Lucky: Gryan Miers

We need to remind ourselves that youth often brings inconsistent performances, so it is important not to judge the youngsters too harshly. A quiet game for 20-year-old Miers, it may be time to give the young man a rest for a week or two. He gathered 11 disposals and contributed Geelong’s first goal to halt Sydney’s momentum, but Miers output certainly wasn’t the worst performance we will see in his career. For now, there’s still much improvement to be made, and he has the right players around him to learn from.


Best – George Hewett

The future of Sydney’s midfield, Hewett found himself opposed to Tim Kelly for most of the evening, and while Kelly won the battle, Hewett more than held his own, collecting 29 disposals, including a team high 15 contested possessions. Still only 23 and with already 82 matches under his belt, Hewett has taken his game to another level in 2019. Still needs to improve his consistency, but with Sydney’s midfield aging and rapidly approaching retirement, Hewett has the ability to become the Swans leader in the centre square. 

Stiff: Jake Lloyd

It was a typical defensive display from Lloyd, with 34 disposals and 13 marks as the Swans primary defensive rebounder. Going at 88% disposal efficiency, Lloyd is averaging career best numbers in possessions, marks and rebound 50s. It continues to astound that teams do not utilise a tagger to curb Lloyd’s influence in defence and make him accountable for an opponent.

Worst – Dan Menzel

Playing in his first game in the red and white, Menzel would’ve been disappointed in his performance against his old side. While Gary Rohan has been in Geelong’s team all year, this was Menzel’s first game, and it will take him a few weeks to get used to the pace of AFL football. It is obvious that Menzel is too talented to play in the level below, but like others in this game, his inconsistency has been his undoing too often in his career. Capable of a 40 goal season if his body holds up, Menzel has the experience to help his young teammates build thei
r careers and take the Swans up the ladder as he enters his twilight.

Lucky: Lance Franklin

With Buddy firmly entering the twilight of his career, rumours have started to rumble that it would be in Sydney’s best interest to move the Coleman Medallist on. With Blicavs completely nullifying Buddy’s influence, it might be time for rumour to become reality. All of Franklin’s vital numbers are his worst since his second season in 2006, and with the Swans entering a rebuilding phase, they will be able to save significant money and fast track the development of the young key forwards if they are able to facilitate a trade.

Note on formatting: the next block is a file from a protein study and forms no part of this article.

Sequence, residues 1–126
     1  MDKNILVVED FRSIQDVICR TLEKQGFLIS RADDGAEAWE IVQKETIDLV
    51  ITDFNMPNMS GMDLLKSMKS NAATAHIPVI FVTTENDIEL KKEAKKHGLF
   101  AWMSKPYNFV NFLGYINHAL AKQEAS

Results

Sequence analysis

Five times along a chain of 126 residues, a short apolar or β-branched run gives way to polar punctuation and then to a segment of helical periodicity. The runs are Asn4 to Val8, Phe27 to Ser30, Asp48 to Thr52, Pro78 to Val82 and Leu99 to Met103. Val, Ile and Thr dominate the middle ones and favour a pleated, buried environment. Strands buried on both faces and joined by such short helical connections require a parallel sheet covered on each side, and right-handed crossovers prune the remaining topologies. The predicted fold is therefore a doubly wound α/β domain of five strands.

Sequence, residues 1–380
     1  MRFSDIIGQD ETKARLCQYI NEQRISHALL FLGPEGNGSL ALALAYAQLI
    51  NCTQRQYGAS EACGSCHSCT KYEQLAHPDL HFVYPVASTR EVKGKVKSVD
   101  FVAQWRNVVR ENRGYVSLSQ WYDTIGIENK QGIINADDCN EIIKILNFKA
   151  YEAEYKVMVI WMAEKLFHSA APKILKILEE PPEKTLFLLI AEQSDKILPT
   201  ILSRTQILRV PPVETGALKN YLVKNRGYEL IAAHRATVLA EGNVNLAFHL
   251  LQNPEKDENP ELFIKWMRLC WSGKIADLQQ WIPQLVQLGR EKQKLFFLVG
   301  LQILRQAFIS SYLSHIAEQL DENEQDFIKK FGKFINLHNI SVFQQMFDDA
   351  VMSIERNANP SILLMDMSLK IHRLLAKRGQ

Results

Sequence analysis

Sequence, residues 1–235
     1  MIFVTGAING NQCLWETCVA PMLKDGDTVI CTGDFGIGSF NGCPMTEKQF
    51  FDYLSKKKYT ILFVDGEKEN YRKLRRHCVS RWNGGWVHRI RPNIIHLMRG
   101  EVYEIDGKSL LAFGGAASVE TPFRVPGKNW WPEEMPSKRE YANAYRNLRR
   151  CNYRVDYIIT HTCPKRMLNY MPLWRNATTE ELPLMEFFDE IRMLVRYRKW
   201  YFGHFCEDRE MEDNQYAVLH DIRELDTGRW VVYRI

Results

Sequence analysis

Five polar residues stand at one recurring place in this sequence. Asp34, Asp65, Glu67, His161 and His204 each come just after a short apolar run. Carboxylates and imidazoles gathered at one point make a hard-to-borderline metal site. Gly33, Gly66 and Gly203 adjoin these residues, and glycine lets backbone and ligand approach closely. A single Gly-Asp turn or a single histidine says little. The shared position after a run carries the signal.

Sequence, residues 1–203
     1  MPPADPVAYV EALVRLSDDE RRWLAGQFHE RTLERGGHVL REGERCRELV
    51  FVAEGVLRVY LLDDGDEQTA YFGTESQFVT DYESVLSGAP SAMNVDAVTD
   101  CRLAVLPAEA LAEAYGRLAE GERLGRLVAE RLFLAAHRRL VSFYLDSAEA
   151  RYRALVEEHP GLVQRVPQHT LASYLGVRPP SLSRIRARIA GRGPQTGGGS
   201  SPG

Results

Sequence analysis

Stray thoughts:

–          Jordan Clark has been overlooked in Rising Star conversations. Firmly entrenched in Geelong’s best 18, Clark is on par with Sam Walsh and Connor Rozee for the Ron Evans Medal. It seems that Clark flies under the radar because he doesn’t stand out, and that’s due to the consistency of his performance and how well he fits in with a very well-balanced team.

–          While he was down on his output from previous weeks, Nick Blakey once again showed why he is the future of the Swans forward line. Blakey plays with an enthusiasm and dare beyond his years, and once he bulks up, will command Sydney’s forward half for the next decade. We could be looking at the Swans long term captain.

–          Another player in the future star category is Aliir Aliir. Taking intercept marks at will, Aliir is a player the Swans will build their defence around in the wake of Heath Grundy’s retirement. Finding himself in the NEAFL at various stages last year, Aliir has taken his game to the next level and has become Sydney’s best tall defender.